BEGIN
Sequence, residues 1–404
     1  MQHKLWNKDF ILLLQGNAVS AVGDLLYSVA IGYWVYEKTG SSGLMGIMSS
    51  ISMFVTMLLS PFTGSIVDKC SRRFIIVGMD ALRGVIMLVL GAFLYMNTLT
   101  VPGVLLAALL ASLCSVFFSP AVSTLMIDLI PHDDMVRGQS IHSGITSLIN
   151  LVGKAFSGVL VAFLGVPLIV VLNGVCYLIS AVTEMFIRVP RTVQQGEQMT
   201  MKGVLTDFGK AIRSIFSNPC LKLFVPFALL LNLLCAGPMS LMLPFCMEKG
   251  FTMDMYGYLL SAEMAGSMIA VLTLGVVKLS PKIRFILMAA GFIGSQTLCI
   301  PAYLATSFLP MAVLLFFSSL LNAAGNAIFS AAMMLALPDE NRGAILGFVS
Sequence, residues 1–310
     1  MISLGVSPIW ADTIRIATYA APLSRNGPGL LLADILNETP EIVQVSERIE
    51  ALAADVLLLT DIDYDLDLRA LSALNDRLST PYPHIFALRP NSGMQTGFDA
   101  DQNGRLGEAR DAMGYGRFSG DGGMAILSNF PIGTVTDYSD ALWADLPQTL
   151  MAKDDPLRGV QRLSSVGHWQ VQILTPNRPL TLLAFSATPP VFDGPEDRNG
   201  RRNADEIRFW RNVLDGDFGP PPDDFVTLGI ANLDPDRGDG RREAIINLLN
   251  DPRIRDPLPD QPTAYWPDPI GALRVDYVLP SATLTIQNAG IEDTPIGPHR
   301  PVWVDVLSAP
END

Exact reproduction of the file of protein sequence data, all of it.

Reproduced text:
Sequence, residues 1–404
     1  MQHKLWNKDF ILLLQGNAVS AVGDLLYSVA IGYWVYEKTG SSGLMGIMSS
    51  ISMFVTMLLS PFTGSIVDKC SRRFIIVGMD ALRGVIMLVL GAFLYMNTLT
   101  VPGVLLAALL ASLCSVFFSP AVSTLMIDLI PHDDMVRGQS IHSGITSLIN
   151  LVGKAFSGVL VAFLGVPLIV VLNGVCYLIS AVTEMFIRVP RTVQQGEQMT
   201  MKGVLTDFGK AIRSIFSNPC LKLFVPFALL LNLLCAGPMS LMLPFCMEKG
   251  FTMDMYGYLL SAEMAGSMIA VLTLGVVKLS PKIRFILMAA GFIGSQTLCI
   301  PAYLATSFLP MAVLLFFSSL LNAAGNAIFS AAMMLALPDE NRGAILGFVS
Sequence, residues 1–310
     1  MISLGVSPIW ADTIRIATYA APLSRNGPGL LLADILNETP EIVQVSERIE
    51  ALAADVLLLT DIDYDLDLRA LSALNDRLST PYPHIFALRP NSGMQTGFDA
   101  DQNGRLGEAR DAMGYGRFSG DGGMAILSNF PIGTVTDYSD ALWADLPQTL
   151  MAKDDPLRGV QRLSSVGHWQ VQILTPNRPL TLLAFSATPP VFDGPEDRNG
   201  RRNADEIRFW RNVLDGDFGP PPDDFVTLGI ANLDPDRGDG RREAIINLLN
   251  DPRIRDPLPD QPTAYWPDPI GALRVDYVLP SATLTIQNAG IEDTPIGPHR
   301  PVWVDVLSAP